The comic logic is sound. The Pyes figuring jail’s their best bet and they can’t get in, makes sense. I don’t know a specific silent comedy with this premise, but I’d bet all the A-tier comedians did something like that. I don’t fault you if you don’t buy this specific excuse.

Onward as the premise demands, though. They have to get arrested. Their best plan: steal from the grocery store. When they try to wheel a cart full of food out and admit they can’t pay, the store owner apologizes. Times are tough. Take the food. Have some soup, too. Because, you know, when you leave food in the hands of people rather than corporations, hungry people get to eat.

In the last days of October they approach a spooky old house. It sounds haunted. They run out of the place, and out of the strip; with the 30th of October we transition to Slim Skinner and the new story.


The haunted sounds are Slim’s fault, of course, but in a good way. He’d decked out a slated-for-demolition house for Halloween and that went great. There’s a bit of talk about getting the city to save the building, but that doesn’t seem to be the plot. Instead, in the middle of the night, Slim’s mother and cousin Chubby come to visit. And that’s where the daily plots stand.

Slim, dreaming of himself narrating a story: 'I'm Herbert Lewot, alies the Towel! (That's Lewot spelled backward!) My partner in grime is the Washrag! (His real name is Tex Grxznopfski, but it's too hard to pronounce forward or backward!) We patrol Ajax City aboard our sleek, modern vehicle, the Barsoap V, in search of crooks to clean up in the cities' clean up grime campaign! I spied a silhouetted 'second-story' man sneaking in a 20th story window!' Washrag: 'Wouldn't taking the fire escape be easier?' Towel: 'Washrag and I climb up the building and burst into the apartment after the crook! But to our dismay and alarm there was no villain! Who is it then?'
Jim Scancarelli’s Gasoline Alley for the 20th of September, 2020. I picked this as the most active of the Towel strips. But the 13th and the 27th of September are the ones that have more little jokes and references tucked into the corners, so you might like those better.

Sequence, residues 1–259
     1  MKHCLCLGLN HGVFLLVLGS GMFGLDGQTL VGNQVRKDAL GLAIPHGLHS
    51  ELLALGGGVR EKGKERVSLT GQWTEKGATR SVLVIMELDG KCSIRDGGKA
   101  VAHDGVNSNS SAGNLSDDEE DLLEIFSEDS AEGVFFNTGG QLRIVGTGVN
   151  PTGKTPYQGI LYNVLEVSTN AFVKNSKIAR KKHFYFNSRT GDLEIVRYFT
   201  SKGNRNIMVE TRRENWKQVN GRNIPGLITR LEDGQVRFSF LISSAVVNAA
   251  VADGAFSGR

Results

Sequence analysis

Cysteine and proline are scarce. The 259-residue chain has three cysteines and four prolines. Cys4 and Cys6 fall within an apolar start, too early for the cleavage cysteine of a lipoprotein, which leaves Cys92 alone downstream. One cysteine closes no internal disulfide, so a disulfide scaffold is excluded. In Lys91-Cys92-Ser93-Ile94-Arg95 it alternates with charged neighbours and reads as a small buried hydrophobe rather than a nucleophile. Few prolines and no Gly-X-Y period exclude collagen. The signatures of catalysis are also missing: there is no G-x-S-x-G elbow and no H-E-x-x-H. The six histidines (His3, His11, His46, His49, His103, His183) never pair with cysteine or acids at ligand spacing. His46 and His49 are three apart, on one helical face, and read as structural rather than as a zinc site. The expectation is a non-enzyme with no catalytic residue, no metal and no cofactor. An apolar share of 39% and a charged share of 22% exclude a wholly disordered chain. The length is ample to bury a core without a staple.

For a couple weeks in September there was at least a running thread. Slim dreamed of being a Herbert Lewot, wealthy comic-book-reading bachelor who’s also the grime-fighter The Towel. (Spell “Lewot” backwards.) The setup feels very like an old-time-radio spoof of any number of old-time radio superheroes. (The ‘Tex Grxznopfski’ and talk about spelling backwards particularly feels Jack Benny Show to me.) Slim Skinner’s shown, for example, reading Yellow Jacket comics. Remember that both the Green Hornet and the Blue Beetle were respectable-enough radio superheroes. I’m sure there are more obscure bug-themed radio superheroes too. I think this is just a one-off, but if Scancarelli wants to fit a sub-strip into his strip? There’s a long history that he knows very well to support him.

Next Week!

The most anticipated plot recap since the new team took on Alley Oop. It’s my first plot recap for Jules Rivera’s Mark Trail, next week, if all goes well. See you then.

What’s Going On In Dick Tracy? Did Svengoolie bust an actual vampire? August – October 2020


Svengoolie did not. For a moment it looked like the vampire-killer was confessing to the horror-movie host. Svengoolie was instead used, with some elegance, to provide exposition about how a gadget needed for the story should work.

This essay should catch you up on Joe Staton, Mike Curtis, Shelley Pleger, and Shane Fisher’s Dick Tracy through to the end of October, 2020. Any news about Dick Tracy that I get, or after about February 2021 new plot recaps, should be at this link.

On my other blog I continue writing about mathematics terms, one for each letter in the alphabet. This past week, I revisited a topic I’d already written, because I forgot I already wrote an essay about tiling. Come on over and stare at my embarrassment!

Dick Tracy.

9 August – 31 October 2020.

Dethany Dendrobia, star of Bill Holbrook’s On The Fastrack, was the guest star last time we checked in. She was in the Greater Tracypolitan Metro Area to investigate weirdness with a warehouse her company was buying. The weirdness: Coney, an ice-cream-themed villain. He’s searching the warehouse for a fortune left behind by Stooge Viller, a villain who died in 1940, our time. Coney’s desperate because the property management company “accidentally” sold the warehouse to Fastrack. To buy time and the warehouse, Coney’s gang kidnaps Dendrobia’s fiancee, Guy Wyre.

Sam Catchem’s informant has a tip for Wyre’s whereabouts: “some old warehouse”. It’s kind of a crazy lead, but you know what? Sometimes the crazy leads pay off. With the help of FBI Inspector Fritz Ann Dietrich they raid the warehouse, catching Coney mid-lick. Coney tries to put it all on Howdy, the Howdy Doody-themed henchman and yes you read that right. Dendrobia finds Wyre, and more, the restroom behind him. And one of those old-fashioned toilets with the water tank that’s up by the ceiling. She pulls the chain and finds piles of cash. This because none of the people searching the warehouse for Villier’s Millions ever looked in the toilet water tank.

Dethany Dendrobia, washing her hands, notices: 'Wow, there's an old-fashioned water tank in this bathroom.' She pulls the chain on the elevated water tank. The bottom of the tank falls out and bundles of money drop from it.